The art isn’t finished until someone reacts to it. If I have the art and I don’t show it to anybody, it’s nothing. It’s nothing until someone sees it and reacts, whether it’s positive or negative.
How are you continuing to communicate or have conversations with canceled art shows and less personal contact?
I was supposed to have a show in May that got canceled. My immediate reaction was to find an application or website for a virtual exhibit. And I found several, but none of them worked perfectly. Some opportunities have come up for gallery openings in the next 6 months, so it’s kind of mitigated the need to show work so now I’m creating new art.
I was fired up to get out there and engage, then COVID-19 took it away, but other opportunities came up. Instagram has been a big place for me. I’ve been trying to figure out other ways to engage. Instagram is fine, but you can’t see things up close. My art is very detailed, and some of those details can be a sledgehammer. It’s been a struggle to figure out how to engage. My 7-foot wide pieces don’t translate to a screen.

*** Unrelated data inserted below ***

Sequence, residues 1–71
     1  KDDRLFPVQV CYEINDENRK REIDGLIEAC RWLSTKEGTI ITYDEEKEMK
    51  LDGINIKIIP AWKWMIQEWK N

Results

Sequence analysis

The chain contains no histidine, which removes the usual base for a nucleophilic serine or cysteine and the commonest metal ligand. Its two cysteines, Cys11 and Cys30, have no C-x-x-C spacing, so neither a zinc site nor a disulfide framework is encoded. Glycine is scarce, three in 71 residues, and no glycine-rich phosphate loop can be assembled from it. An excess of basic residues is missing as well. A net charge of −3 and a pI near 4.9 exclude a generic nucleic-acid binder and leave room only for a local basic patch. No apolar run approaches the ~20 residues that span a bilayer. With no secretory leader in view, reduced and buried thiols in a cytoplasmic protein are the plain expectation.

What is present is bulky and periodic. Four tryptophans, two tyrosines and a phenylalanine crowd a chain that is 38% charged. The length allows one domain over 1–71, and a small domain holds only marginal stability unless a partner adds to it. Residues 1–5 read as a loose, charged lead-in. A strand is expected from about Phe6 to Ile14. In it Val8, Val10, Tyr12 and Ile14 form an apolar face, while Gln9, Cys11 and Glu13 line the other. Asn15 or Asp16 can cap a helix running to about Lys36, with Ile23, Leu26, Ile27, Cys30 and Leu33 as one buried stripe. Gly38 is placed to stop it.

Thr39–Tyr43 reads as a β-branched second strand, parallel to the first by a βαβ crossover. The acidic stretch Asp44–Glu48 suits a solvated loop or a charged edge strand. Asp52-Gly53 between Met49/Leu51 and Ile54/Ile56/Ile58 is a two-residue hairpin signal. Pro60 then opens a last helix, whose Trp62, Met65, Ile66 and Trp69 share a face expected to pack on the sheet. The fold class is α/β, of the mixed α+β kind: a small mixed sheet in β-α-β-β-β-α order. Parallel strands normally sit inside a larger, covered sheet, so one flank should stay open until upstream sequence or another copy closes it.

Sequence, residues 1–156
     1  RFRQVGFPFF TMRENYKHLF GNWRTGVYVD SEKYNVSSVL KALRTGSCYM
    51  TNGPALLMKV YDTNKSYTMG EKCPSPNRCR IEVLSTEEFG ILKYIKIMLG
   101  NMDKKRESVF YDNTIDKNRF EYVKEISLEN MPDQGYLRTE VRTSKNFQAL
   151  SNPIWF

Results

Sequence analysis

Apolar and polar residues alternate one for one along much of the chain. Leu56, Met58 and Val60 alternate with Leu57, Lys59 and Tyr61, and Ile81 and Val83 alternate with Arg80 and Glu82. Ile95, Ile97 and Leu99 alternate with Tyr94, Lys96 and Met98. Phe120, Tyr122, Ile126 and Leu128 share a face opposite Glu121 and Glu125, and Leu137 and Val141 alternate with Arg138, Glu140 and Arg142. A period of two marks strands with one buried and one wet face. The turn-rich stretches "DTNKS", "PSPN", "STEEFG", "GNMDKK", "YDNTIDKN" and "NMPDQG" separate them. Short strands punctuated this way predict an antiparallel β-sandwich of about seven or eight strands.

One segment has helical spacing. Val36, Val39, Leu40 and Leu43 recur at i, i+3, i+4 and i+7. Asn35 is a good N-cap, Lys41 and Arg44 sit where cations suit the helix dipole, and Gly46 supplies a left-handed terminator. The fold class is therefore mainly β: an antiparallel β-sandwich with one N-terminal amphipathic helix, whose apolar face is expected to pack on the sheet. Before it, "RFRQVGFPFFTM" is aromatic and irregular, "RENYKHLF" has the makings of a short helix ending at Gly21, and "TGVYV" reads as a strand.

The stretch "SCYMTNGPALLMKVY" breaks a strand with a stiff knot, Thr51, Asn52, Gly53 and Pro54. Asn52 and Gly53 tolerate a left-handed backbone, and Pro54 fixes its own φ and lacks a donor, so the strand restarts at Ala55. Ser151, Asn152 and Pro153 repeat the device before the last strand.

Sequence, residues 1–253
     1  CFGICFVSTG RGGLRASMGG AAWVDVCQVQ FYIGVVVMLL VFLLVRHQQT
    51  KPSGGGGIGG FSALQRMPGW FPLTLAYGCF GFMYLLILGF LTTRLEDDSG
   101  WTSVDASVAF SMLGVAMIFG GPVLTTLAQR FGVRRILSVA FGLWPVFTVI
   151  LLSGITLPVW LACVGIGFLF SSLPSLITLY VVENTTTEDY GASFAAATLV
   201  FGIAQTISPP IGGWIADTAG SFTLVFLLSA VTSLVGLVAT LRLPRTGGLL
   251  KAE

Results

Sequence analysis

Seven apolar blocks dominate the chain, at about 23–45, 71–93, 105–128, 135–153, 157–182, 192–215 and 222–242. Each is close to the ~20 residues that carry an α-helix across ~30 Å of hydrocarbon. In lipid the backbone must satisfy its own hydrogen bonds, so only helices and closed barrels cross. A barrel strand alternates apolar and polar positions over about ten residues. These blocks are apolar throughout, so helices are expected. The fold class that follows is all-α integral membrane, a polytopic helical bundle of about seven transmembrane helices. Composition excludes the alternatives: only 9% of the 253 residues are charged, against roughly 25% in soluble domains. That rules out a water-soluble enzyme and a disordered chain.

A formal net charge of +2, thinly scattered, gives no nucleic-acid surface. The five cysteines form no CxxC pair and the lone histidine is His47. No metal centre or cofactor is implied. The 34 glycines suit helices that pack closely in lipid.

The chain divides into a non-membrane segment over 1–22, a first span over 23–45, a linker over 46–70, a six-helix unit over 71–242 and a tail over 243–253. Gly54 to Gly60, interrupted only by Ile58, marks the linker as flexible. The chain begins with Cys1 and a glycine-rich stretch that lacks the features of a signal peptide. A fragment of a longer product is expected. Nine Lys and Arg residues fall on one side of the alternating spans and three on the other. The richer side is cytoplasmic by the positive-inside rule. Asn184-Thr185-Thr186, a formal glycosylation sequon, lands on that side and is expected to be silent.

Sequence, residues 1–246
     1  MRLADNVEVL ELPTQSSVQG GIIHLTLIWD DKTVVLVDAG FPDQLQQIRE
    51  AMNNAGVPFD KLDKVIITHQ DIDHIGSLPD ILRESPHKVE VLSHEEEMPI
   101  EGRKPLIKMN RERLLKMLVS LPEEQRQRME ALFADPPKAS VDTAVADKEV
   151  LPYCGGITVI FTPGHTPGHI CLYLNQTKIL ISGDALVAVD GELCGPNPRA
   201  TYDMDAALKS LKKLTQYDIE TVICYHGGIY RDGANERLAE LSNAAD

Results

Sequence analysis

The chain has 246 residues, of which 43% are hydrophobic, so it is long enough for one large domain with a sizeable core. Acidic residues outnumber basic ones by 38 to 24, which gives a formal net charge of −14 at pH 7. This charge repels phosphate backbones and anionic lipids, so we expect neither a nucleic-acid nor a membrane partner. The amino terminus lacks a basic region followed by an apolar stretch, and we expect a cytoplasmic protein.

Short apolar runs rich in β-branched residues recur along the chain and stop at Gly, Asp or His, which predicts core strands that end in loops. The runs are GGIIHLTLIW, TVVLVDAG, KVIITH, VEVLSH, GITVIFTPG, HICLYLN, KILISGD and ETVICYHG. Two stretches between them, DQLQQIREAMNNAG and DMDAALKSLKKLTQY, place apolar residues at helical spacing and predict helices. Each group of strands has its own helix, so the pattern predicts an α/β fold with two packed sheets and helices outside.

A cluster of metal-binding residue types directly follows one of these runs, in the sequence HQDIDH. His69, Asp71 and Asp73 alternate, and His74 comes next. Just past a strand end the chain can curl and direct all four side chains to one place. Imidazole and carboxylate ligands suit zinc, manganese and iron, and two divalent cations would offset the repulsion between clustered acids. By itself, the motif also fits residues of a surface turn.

“If you put out work that is reactionary, don’t be shocked when it’s reacted to. “
Do you still have conversations about your work?
It’s really hard to get people to engage deeper. Maybe it’s hard for them. Maybe they feel like they’d be intruding somehow.
I’ve been considering being quite literal, and just asking questions. Uncomfortable conversations can be great. Someone’s going to learn something.
Do you have Advice for younger artists looking to share a political or social message?
Aside from do it, the advice would be: you get what you ask for.
If you put out work that is reactionary, don’t be shocked when it’s reacted to. Be ready. Be ready to defend it but don’t be defensive. It means providing the research you’ve done, emotional place you’re coming from, and intellectual exercise involved in creating the work, that’s what defending the work means to me. It’s a verbal or written platform that explains what it is, and why you’re doing it. Understand that not everyone is going to dig it, and that’s a good thing.
Reactions are everything. Know that every reaction, that’s why you’re doing it. So don’t shy away from work that is about hard to discuss topics. You’re providing a much needed function for society as an artist, because you’re there getting people to talk about things. So whatever happens, happens. That’s what you’re there for.